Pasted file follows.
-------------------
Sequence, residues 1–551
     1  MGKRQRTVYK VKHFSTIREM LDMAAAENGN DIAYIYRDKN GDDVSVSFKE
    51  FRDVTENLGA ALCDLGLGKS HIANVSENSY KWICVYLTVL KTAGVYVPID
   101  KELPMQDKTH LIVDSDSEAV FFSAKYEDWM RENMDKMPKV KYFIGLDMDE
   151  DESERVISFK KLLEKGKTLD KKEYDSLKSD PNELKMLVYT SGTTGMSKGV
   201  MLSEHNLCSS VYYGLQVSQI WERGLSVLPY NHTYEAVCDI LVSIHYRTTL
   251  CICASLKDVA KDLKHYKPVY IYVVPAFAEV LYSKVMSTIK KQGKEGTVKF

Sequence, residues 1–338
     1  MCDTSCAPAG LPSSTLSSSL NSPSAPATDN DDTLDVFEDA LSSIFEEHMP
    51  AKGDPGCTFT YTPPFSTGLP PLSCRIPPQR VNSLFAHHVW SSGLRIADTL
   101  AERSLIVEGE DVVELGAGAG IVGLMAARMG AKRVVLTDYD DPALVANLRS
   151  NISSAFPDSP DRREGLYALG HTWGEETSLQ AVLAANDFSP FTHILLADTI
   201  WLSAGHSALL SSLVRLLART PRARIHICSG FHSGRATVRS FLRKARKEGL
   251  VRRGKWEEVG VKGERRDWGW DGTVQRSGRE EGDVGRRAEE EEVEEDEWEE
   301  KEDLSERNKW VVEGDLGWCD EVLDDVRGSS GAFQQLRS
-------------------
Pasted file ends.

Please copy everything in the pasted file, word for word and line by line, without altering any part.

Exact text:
Sequence, residues 1–551
     1  MGKRQRTVYK VKHFSTIREM LDMAAAENGN DIAYIYRDKN GDDVSVSFKE
    51  FRDVTENLGA ALCDLGLGKS HIANVSENSY KWICVYLTVL KTAGVYVPID
   101  KELPMQDKTH LIVDSDSEAV FFSAKYEDWM RENMDKMPKV KYFIGLDMDE
   151  DESERVISFK KLLEKGKTLD KKEYDSLKSD PNELKMLVYT SGTTGMSKGV
   201  MLSEHNLCSS VYYGLQVSQI WERGLSVLPY NHTYEAVCDI LVSIHYRTTL
   251  CICASLKDVA KDLKHYKPVY IYVVPAFAEV LYSKVMSTIK KQGKEGTVKF

Sequence, residues 1–338
     1  MCDTSCAPAG LPSSTLSSSL NSPSAPATDN DDTLDVFEDA LSSIFEEHMP
    51  AKGDPGCTFT YTPPFSTGLP PLSCRIPPQR VNSLFAHHVW SSGLRIADTL
   101  AERSLIVEGE DVVELGAGAG IVGLMAARMG AKRVVLTDYD DPALVANLRS
   151  NISSAFPDSP DRREGLYALG HTWGEETSLQ AVLAANDFSP FTHILLADTI
   201  WLSAGHSALL SSLVRLLART PRARIHICSG FHSGRATVRS FLRKARKEGL
   251  VRRGKWEEVG VKGERRDWGW DGTVQRSGRE EGDVGRRAEE EEVEEDEWEE
   301  KEDLSERNKW VVEGDLGWCD EVLDDVRGSS GAFQQLRS